Virtual proximity: Peer-learning within self-reflective networks
In the past twenty years, we have seen an exponential growth of virtual environments that have made collaborations across borders possible. Younger generations have grown-up immersed in these environments, which has led to the expectation that – due to their ‘digital-nativeness’ – they thrive in virtual spaces. However, this social construct can be misleading and has proven wrong in recent years, making it a significant source of anxiety in e-learning. Using a hybrid course called ‘PORTFOLIO’ as a case study, this paper addresses the ways in which a Learning Portfolio based course framework can be integrated into e-practices in order to negotiate such anxieties and, ultimately, nurture more cosmopolitan attitudes to the digital world, which the Cambridge dictionary defines as having experience of many different places and things (Audi, 2015).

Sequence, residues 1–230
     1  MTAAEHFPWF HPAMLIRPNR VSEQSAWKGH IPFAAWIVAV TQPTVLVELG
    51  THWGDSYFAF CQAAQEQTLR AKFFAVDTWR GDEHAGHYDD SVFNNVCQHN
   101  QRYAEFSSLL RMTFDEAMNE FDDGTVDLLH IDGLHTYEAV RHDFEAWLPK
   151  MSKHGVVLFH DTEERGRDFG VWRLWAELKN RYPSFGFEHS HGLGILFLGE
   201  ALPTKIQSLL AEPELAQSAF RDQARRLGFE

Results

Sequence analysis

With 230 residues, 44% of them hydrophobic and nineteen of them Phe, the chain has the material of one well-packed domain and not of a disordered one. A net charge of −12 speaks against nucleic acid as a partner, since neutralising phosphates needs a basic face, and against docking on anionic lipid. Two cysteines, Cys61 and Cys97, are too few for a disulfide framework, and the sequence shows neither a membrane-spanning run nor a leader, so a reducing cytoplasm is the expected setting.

digital cosmopolitan, Learning Portfolio, open-source technologies, peer-to-peer learning, soft technologies, virtual spaces
Supplementary File(s)Virtual Proximity: Peer-Learning within Self-Reflective Networks
Niberca Polo is a Parsons graduate from the Communication Design Department. She launched her Graphic Design studio—Myellow Boots—in 2005. Niberca is engaged in Social Justice activism, currently acting as Faculty co-chair of The New School Social Justice Committee, and as part of the advisory board of CVSA, a non-profit organization that organizes volunteers. Niberca teaches Art and Design at Parsons, The New School for Design and CUNY, College of Staten Island (CSI). She was one of the coordinators of the Digital Learning Portfolios project at Parsons SPACE, and served as Learning Portfolio Specialist at Carnegie Hall Educational Programs.
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